An act modernizing the business licensing process

We have heard from some Boston residents who are concerned about the potential impacts of “SD420 – An Act relative to modernizing the business licensing process.”  This legislation was drafted by the City of Boston and filed in partnership with Mayor Walsh.

The bill would give more control over business licensure to municipalities.  The part of the bill that is of interest to most people, of course, is the section that would allow municipalities the ability to set restaurant and bar closing hours.  Currently the state prohibits serving alcohol from 2:00AM to 8:00AM,this bill would remove that prohibition for communities in the MBTA service area.  Those communities would then have the ability, at the discretion of the municipal government, to extend service hours.  In other words if this bill became law and the City wanted to allow bars and restaurants to remain open later, it could make such a change subject to the approval of city government, presumably this would mean a vote of the city council.

Here is a summary, authored by the City:

The City issues a myriad of different operating licenses to businesses through two administrative bodies: the Mayor’s Office of Consumer Affairs & Licensing and the Boston Licensing Board. At times, this process can be duplicative and burdensome for our local businesses. This legislation proposes to make changes to existing licensing requirements that would further the Mayor’s goals of streamlining the regulatory process and strengthening small businesses citywide. This plan includes providing local discretion to:
– Eliminate the Common Victuallers (CV) license requirement for non-alcohol businesses wishing to operate during standard business hours;
– Eliminate specialty licenses for billiard tables, bowling alleys, automatic amusement devices and fortune tellers;
– Determine at what capacity certain establishments can be exempt from the Non-Live Entertainment License requirements;
– Determine at what capacity certain establishments can be exempt from the Live Entertainment License requirements for instrumental/vocal music ; and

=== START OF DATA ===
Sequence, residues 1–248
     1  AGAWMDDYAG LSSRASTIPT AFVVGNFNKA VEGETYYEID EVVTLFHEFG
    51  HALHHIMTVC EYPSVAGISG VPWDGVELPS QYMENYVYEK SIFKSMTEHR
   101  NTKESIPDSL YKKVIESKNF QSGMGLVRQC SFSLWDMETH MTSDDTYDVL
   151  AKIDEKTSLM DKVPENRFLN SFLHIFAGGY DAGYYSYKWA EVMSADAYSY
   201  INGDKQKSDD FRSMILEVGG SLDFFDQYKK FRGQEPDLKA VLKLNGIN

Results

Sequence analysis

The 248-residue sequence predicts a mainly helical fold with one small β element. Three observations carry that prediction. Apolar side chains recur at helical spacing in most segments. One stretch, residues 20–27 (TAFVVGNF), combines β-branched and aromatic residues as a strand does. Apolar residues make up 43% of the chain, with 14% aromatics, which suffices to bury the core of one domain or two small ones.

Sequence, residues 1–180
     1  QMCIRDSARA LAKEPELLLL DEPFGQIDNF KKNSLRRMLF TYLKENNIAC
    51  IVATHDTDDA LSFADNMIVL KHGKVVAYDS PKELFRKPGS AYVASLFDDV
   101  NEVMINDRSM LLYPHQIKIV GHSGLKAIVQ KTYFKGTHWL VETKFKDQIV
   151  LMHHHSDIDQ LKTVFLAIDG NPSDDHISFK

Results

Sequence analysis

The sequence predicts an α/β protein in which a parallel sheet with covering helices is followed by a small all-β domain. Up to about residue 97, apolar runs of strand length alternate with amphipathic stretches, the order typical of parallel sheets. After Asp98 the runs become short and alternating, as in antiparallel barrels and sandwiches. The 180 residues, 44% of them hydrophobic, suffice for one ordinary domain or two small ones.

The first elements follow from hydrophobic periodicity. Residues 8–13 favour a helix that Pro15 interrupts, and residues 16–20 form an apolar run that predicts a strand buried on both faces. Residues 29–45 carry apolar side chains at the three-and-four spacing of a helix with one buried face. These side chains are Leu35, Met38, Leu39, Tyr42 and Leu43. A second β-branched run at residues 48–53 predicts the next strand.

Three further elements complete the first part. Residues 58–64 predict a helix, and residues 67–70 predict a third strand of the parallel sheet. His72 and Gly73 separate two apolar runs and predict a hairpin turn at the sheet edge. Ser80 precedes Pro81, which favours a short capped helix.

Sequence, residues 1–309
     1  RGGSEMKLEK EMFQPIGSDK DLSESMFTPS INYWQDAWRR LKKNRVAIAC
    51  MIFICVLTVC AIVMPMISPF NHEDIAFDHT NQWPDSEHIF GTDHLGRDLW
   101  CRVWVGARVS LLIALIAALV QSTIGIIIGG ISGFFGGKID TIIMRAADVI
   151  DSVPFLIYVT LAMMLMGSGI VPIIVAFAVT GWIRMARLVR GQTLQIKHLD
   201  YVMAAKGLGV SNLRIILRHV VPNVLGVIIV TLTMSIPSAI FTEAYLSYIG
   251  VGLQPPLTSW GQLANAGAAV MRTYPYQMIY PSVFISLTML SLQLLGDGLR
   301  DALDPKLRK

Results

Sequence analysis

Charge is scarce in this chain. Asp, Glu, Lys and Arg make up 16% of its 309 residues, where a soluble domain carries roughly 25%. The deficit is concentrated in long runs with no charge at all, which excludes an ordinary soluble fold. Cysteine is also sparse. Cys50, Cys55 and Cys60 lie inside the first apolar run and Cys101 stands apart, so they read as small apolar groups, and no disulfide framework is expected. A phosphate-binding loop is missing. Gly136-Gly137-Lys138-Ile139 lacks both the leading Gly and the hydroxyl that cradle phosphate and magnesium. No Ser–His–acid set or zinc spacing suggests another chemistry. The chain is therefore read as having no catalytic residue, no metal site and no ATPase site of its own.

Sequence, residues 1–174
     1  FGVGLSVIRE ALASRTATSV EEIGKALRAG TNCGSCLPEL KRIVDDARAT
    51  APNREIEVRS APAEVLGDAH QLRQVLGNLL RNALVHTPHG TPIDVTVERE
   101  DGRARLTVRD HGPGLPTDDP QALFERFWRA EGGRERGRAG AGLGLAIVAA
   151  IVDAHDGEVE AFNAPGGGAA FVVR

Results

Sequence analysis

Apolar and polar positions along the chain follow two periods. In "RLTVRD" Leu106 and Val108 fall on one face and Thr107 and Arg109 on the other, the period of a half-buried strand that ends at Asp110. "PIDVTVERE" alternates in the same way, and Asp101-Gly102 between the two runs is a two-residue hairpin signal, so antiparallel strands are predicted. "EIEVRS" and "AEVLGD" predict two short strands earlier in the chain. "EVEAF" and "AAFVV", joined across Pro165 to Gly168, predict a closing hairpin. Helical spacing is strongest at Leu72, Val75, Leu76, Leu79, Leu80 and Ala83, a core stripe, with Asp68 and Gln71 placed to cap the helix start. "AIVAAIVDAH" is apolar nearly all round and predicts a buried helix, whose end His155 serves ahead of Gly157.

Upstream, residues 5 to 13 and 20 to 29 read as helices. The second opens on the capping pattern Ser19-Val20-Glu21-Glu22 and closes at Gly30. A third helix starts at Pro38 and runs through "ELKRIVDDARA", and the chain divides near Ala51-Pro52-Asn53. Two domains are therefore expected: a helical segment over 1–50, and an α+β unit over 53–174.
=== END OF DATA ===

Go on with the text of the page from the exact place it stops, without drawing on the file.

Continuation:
– Allow restaurants and bars to remain open past 2 a.m.

You can view a full copy of the legislation here.

Andrew Bettinelli
Legislative Aide
Office of State Senator WIlliam N. Brownsberger




4 replies on “An act modernizing the business licensing process”

  1. As a resident of Brighton since 1977, I have routinely been awakened by the hoots and howling of people as they traverse my neighborhood after leaving the bars in the Cleveland Circle area that have closed at 2:00am.

    I AM NOT in favor of extending open hours for restaurants that serve liquor; and bars in Allston or Brighton past 2 am.

    8 Kilsyth Terrace 02135

    1. Currently, state law prevents the City from late hours anyplace in the city.

      How do you feel about that? Should it not be possible for bars to stay open in non-residential areas until late hours?

  2. An Allston resident since 1981 and a homeowner here since 1997, I believe I live on the best street in Boston and am proud to be an Allstonian. And I have been a member of the Allston Civic Assoc. since Brian Golden’s dad was the president (early 1980s).
    But I believe later bar hours in Allston-Brighton will not encourage residential stability, nor will it provide a NEEDED service to those live here. It almost goes without saying, that the current level of alcohol licenses leads to a decline in quality of life, as Mr. Tackel notes. For those who question that, please talk to the officers at Station 14, they are the professionals who have to pick up the pieces.
    Having said that, I would not oppose later hours, as has been suggested, around the convention center or in downtown hotel areas whgere the impact would hopefully be less severe for residents. But that raises the question A-B bar owners (or their lawyers) would pose: What about us? I don’t have an answer for that.

    Finally, I’m sorry the Walsh administration has continued to link ‘world class city’ with more and later closing bars. Educational and medical facilities, cutting edge businesses, visitors from across the world, wonderful public green spaces and a place and sense of history are what make a memorable city. Boston already has that.
    Thank you, Bob Pessek

    1. Thanks, Bob. Your points are well taken.

      Agreed that Boston has a lot to offer, other than late bars. For better or worse, alcohol licensing does support more vital restaurants and entertainment districts. Longer hours will encourage growth in central city business areas.

      I think the answer to the A-B owners who say “what about us?” may be: Yes, there’s a place for everything but here is not where we want late hours. Those calls — hours for particular bars — are local calls. At the state level, the question is should the City have the power to issue later licenses.

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